By Yasmine Shemesh
VANCOUVER — “It is that whole saying, a picture says a thousand words,” says Rob Frith, the owner and founder of Neptoon Records, when asked about his estimated 500,000-strong concert poster collection. “And with posters, for me, it’s kind of like that. I like the historic, I’ve always been into history. The books I only ever read are historical, usually, and that’s part of it. And I guess I’m a collector, as well. I just collect things and I like historic things and I’m a big art fan, so that’s how it all came about.”
Frith’s posters are featured alongside the accumulated treasures of 20 other collectors in All Together Now: Vancouver Collectors and Their Worlds, a new exhibition at the Museum of Vancouver. It’s a diverse presentation of curiosities, each of which opens a different window of the past. Frith’s collection explores Vancouver’s musical history, as well as reflects the culture of the times. In fact, it was a couple posters of San Francisco left behind by Vietnam War draft dodgers that first captured his attention.
“My dad was in construction and I remember I used to help him on weekends when I was still in school,” Frith recalls. In 1967, they went to an abandoned shack Frith’s father had purchased to tear down, the inside of which was plastered with psychedelic pull outs of the Bay Area — likely memories of home for refuge-seeking Americans. “And I saw them, right away took them down, took them home to my bedroom, and stuck them on the wall,” Frith laughs. Soon after, he started going to gigs and saving promotional flyers. He’d grab posters punctured into telephone poles and ask record shop owners for the prints from their window displays. A picture of a young Frith shows him surrounded by concert posters of touring visitors like the Velvet Underground and Led Zeppelin, and local artists like Tom Northcott.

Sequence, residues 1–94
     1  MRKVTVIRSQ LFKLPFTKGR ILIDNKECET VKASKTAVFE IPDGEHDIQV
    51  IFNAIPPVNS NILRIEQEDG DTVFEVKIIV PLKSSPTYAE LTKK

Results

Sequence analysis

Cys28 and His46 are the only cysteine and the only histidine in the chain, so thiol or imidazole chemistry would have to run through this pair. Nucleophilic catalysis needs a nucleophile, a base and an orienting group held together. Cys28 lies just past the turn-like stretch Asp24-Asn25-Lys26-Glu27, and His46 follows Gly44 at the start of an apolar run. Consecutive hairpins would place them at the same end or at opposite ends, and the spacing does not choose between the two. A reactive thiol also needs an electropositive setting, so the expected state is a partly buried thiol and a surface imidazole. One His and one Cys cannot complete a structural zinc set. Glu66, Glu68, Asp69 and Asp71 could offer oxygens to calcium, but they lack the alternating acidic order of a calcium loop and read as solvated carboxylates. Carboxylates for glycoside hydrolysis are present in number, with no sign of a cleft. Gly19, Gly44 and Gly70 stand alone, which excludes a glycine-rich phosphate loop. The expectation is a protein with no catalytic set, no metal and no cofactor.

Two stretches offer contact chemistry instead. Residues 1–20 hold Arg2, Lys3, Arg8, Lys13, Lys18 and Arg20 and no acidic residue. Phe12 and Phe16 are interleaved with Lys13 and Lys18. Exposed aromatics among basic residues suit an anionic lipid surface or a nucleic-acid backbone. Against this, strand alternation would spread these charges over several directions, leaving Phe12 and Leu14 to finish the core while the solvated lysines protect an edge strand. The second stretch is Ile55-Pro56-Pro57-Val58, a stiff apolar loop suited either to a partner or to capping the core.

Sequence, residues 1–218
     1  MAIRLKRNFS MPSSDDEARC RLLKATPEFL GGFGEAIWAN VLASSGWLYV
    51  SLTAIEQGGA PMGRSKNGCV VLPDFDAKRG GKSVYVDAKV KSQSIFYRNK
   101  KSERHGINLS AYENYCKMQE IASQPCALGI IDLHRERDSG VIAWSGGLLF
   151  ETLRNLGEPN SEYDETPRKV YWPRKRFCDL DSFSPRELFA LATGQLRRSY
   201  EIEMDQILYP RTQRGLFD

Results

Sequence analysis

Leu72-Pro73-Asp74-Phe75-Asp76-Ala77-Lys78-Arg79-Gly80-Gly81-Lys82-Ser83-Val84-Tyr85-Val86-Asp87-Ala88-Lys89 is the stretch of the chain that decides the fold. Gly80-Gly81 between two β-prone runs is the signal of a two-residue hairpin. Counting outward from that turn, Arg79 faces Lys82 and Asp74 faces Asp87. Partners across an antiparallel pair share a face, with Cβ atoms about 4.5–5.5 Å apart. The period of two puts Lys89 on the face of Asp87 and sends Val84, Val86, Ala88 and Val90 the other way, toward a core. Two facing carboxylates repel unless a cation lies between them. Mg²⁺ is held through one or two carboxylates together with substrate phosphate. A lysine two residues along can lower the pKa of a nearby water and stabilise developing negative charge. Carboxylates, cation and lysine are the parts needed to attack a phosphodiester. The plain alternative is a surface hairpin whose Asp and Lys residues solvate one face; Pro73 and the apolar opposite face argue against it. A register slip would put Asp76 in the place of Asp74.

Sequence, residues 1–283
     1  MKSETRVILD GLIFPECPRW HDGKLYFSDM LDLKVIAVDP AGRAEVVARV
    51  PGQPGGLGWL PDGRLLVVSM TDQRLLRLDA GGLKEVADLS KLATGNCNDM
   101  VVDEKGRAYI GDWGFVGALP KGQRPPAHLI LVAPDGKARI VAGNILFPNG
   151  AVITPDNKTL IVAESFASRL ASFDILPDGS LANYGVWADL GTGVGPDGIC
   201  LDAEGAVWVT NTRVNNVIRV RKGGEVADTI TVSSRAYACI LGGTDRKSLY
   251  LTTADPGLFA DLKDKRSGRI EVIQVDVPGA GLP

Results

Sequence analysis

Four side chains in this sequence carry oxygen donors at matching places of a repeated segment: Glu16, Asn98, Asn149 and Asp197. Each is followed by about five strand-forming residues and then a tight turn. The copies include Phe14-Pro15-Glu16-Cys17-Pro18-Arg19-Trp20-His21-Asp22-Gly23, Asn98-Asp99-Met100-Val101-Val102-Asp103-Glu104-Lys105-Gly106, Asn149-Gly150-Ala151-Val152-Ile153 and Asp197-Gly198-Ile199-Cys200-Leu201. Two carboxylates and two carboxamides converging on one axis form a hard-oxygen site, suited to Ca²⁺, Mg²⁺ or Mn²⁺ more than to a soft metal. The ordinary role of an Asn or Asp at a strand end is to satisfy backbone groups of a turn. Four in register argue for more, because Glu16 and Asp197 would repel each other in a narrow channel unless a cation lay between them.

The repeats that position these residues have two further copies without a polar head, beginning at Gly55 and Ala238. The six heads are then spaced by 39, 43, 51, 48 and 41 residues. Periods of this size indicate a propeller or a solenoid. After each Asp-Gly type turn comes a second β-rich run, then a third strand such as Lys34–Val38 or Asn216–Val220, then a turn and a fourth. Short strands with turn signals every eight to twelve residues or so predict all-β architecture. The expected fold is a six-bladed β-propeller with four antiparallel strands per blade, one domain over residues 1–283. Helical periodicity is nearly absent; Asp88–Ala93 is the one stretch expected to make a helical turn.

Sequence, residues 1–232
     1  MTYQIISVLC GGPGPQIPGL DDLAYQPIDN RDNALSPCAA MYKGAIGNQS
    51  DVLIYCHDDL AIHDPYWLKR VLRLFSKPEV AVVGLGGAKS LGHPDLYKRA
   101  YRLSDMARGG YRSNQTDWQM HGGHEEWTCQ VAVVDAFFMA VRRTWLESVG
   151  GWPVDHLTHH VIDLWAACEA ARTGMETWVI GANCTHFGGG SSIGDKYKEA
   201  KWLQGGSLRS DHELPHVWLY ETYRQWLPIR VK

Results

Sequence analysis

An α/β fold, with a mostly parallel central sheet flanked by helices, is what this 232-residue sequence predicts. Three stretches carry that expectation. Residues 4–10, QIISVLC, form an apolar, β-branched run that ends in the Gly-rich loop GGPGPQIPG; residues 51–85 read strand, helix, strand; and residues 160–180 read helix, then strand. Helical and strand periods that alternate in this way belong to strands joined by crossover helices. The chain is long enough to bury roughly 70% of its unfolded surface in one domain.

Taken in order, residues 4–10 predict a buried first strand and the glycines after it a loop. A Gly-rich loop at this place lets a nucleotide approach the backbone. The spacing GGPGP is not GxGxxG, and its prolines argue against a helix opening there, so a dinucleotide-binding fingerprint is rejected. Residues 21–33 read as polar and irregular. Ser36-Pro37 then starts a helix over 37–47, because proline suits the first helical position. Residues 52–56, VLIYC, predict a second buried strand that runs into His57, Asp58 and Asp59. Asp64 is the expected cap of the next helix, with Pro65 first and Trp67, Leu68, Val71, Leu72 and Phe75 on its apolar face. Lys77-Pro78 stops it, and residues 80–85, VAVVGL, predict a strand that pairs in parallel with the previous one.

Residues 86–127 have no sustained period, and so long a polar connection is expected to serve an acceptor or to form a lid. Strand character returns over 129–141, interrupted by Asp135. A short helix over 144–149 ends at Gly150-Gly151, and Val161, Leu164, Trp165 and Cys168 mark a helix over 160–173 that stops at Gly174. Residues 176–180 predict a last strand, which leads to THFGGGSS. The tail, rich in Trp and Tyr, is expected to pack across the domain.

Frith’s main concentration is Vancouver-related posters from the 1970s or before. The art of imagery was his attraction early on — pre-computerized pieces were hand-painted or printed on cardboard, which echoed the technologies and trends of the eras. Indeed, Frith explains, sometimes it is that iconic image that contributes to a band’s legacy and it’s a mutually beneficial relationship between artist and musician in terms of exposure. One of his favourite pieces is a re-issue he did of a Grateful Dead poster done by iconic concert poster illustrator Bob Masse. Frith reached out to the band for approval and the Dead gave their blessing — they loved that particular poster and even had it hung in their office. Frith and Masse then together published a limited edition of 1,000 copies. “We did it and it turned out beautifully,” Frith says, adding that the expensive paper was so porous they had to run it through the printer twice because the ink would just soak up.
Collectors, as a rule, are passionate people. The urge to hunt and gather is driven by an appetite for something that, in turn, becomes an extension of the collectors themselves — part of their identity. For Frith, as an admirer of music, art, and history, concert posters are a marriage of all the things he loves. They are, quite simply, who he is.
Now, Frith mostly looks for things worth preserving for their historical significance or for something he doesn’t have. “One poster I’ve always wanted and I’ve never been able to find and I don’t know if it exists was Bill Haley and the Comets at the Kerrisdale Arena,” he says, referring to the 1956 concert. “It was the first rock and roll show in Vancouver and I’ve had people tell me that they saw a poster of it, but I’ve just never seen an image of it. I’ve seen ads in the paper [and that] kind of a thing, but I’ve never actually seen a poster — and that would just make my day, if I could find that.”
All Together Now: Vancouver Collectors and Their Worlds is on display at the Museum of Vancouver now until January 8, 2017.All Together Now: Vancouver Collectors and Their Worlds, BC, British Columbia, concert posters, Museum of Vancouver, Rob Frith